I have this theory about why people enjoy Chick-fil-A so much. It isn’t the food albeit it is tasty. It deals with the one thing I’ve never experienced in a CFA restaurant and that is bad customer service. Ever. I’m greeted with a smile and a “Welcome to Chick-fil-A” when I walk in the door, the cashiers are always friendly, and workers even stop by my table and ask if I need a refill. I am not saying CFA is perfect in how they serve their customers, I’ve just never heard anything less than.
Unfortunately, this isn’t always the case in most service oriented professions…including mental health.
I get it. It’s probably a faux pas to bad-talk professionals in one’s own career, even if they do provide subpar service, but not all of us are cut from the same cloth. You need to know what are red flags that may mean you aren’t getting the best help during your course of treatment. You then have the right to discuss your concerns with your therapist and even ask for a referral if you believe you could be best helped elsewhere. I should note in the mental health world, like other service oriented professions, the bad apples are few and far between.
Below is a list of red flags that make for an ineffective therapist, followed by a green flag of an effective one. For simplicity sakes, RED means not good, GREEN means good.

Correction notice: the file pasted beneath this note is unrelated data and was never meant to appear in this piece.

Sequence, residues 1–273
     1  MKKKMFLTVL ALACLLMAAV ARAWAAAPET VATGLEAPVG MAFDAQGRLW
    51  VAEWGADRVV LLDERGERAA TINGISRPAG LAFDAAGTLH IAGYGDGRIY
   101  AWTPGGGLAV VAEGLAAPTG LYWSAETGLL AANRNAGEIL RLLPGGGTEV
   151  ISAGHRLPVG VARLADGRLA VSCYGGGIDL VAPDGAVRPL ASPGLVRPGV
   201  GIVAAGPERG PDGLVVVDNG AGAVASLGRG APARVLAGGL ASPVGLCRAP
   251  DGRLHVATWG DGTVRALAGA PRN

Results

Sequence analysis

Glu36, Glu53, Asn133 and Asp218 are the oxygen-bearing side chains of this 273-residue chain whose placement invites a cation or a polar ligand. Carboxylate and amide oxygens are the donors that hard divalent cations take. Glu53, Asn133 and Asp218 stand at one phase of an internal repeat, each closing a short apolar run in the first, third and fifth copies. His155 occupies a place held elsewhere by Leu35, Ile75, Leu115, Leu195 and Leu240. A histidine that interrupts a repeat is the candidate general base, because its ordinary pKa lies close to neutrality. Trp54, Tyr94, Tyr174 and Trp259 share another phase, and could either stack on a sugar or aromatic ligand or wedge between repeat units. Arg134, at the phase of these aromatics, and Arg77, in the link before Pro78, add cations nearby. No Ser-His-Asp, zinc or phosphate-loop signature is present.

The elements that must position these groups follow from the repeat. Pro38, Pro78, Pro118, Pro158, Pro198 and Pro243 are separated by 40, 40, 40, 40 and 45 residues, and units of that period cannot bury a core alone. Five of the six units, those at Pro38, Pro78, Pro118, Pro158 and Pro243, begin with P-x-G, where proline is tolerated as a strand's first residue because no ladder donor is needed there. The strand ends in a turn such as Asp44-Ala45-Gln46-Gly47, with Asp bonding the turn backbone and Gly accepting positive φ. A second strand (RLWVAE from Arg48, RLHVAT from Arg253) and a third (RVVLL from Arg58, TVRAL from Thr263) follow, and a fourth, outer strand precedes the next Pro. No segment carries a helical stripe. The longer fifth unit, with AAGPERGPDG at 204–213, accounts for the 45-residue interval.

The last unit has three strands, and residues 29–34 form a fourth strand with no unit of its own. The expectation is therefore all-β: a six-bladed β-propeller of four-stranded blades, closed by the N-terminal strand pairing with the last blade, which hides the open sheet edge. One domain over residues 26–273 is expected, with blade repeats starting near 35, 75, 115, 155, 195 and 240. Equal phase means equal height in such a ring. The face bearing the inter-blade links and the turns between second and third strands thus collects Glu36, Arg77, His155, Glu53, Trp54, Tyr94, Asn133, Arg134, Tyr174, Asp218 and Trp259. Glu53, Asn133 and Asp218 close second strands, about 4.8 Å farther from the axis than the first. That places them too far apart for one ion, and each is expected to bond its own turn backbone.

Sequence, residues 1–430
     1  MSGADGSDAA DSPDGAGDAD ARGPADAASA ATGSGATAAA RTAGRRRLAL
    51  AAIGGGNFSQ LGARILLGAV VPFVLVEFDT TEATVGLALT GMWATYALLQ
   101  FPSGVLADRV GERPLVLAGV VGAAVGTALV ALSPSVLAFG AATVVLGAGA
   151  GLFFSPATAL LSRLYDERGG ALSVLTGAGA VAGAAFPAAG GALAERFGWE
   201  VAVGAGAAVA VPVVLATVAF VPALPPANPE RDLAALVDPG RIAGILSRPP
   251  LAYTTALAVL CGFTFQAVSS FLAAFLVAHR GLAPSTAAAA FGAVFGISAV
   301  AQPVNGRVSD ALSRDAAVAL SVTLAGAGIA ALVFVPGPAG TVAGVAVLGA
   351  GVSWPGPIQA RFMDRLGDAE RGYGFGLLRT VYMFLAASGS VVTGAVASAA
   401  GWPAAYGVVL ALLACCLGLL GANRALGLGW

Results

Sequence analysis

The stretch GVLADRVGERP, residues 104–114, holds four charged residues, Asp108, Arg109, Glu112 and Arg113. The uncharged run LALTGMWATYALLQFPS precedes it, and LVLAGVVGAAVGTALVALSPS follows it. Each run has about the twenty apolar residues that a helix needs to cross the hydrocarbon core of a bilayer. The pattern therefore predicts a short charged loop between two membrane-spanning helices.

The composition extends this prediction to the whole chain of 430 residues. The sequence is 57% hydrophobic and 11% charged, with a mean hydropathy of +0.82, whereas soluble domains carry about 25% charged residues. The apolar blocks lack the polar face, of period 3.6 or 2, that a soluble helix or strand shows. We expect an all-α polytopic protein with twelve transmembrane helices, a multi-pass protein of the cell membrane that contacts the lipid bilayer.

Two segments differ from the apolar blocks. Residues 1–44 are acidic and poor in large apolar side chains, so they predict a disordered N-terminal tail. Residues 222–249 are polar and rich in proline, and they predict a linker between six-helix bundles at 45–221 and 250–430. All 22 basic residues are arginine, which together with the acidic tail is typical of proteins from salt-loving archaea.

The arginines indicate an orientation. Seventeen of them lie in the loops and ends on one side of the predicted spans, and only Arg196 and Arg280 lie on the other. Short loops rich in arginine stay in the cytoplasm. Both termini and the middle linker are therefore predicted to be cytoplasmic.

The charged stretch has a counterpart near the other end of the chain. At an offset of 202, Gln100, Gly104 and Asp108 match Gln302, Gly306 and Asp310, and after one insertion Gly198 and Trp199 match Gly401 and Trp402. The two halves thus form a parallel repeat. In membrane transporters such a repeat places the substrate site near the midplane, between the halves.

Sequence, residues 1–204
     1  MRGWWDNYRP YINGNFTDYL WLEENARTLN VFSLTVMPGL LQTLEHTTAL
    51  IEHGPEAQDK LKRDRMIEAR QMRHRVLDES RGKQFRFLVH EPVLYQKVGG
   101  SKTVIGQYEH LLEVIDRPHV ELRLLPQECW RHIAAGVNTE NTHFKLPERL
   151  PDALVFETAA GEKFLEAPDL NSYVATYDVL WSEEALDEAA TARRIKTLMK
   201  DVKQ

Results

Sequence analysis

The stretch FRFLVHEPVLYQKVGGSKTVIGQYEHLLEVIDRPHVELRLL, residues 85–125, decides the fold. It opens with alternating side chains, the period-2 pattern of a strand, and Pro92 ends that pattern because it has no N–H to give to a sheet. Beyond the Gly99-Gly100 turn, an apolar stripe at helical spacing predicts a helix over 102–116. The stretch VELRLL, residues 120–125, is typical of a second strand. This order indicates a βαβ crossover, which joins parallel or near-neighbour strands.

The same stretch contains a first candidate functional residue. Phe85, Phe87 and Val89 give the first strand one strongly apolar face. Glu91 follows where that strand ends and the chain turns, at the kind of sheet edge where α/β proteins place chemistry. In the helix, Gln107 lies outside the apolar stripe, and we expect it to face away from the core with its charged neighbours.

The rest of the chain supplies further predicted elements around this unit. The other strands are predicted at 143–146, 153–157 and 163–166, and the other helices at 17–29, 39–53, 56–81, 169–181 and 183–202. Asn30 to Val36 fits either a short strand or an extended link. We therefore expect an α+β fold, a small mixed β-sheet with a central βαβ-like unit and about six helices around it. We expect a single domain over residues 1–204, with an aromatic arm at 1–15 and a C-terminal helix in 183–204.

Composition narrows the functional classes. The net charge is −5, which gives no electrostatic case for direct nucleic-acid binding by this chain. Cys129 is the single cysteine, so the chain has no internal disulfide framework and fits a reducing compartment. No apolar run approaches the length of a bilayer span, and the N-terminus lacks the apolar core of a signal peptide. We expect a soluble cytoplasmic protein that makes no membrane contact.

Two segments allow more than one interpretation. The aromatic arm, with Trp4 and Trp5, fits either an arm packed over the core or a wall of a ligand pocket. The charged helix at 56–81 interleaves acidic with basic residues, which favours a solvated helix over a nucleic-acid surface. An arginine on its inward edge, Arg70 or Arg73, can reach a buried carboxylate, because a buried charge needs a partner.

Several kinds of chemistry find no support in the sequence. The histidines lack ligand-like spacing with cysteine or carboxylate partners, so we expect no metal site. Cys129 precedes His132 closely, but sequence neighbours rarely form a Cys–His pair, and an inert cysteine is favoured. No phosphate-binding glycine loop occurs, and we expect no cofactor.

RED FLAG: Talks a lot about themselves.
GREEN FLAG: Being fully engaged in your story and your problems
RED FLAG: Always telling you what to do.
GREEN FLAG: Empowering you by helping build your cognitive skills to make good decisions
RED FLAG: Imposing their religious, spiritual, political, or social beliefs on you.
GREEN FLAG: Respecting your belief system.
RED FLAG: Over diagnosing
GREEN FLAG: Having the discernment to know when a diagnosis is helpful and beneficial and when it is not (outside of insurance purposes).
RED FLAG: Feeling shame or judgement from their words or attitude.
GREEN FLAG: Being fully accepted and respected simply for being a human being
RED FLAG: Being overly sensitive or unresponsive to criticism or feedback
GREEN FLAG: Being open to hearing your concerns and seeking understanding
OTHER RED FLAGS: Inappropriate touching, constantly checking their phone during your session, cutting your time short, frequently checking the time, don’t remember your name or details from previous visits, or asking to hang out outside of your sessions.
If, by chance, you currently see a therapist who exhibits some of the red flags above don’t hesitate to discuss this with them. The majority of counselors out there want the best for you and will actually appreciate you voicing your concerns.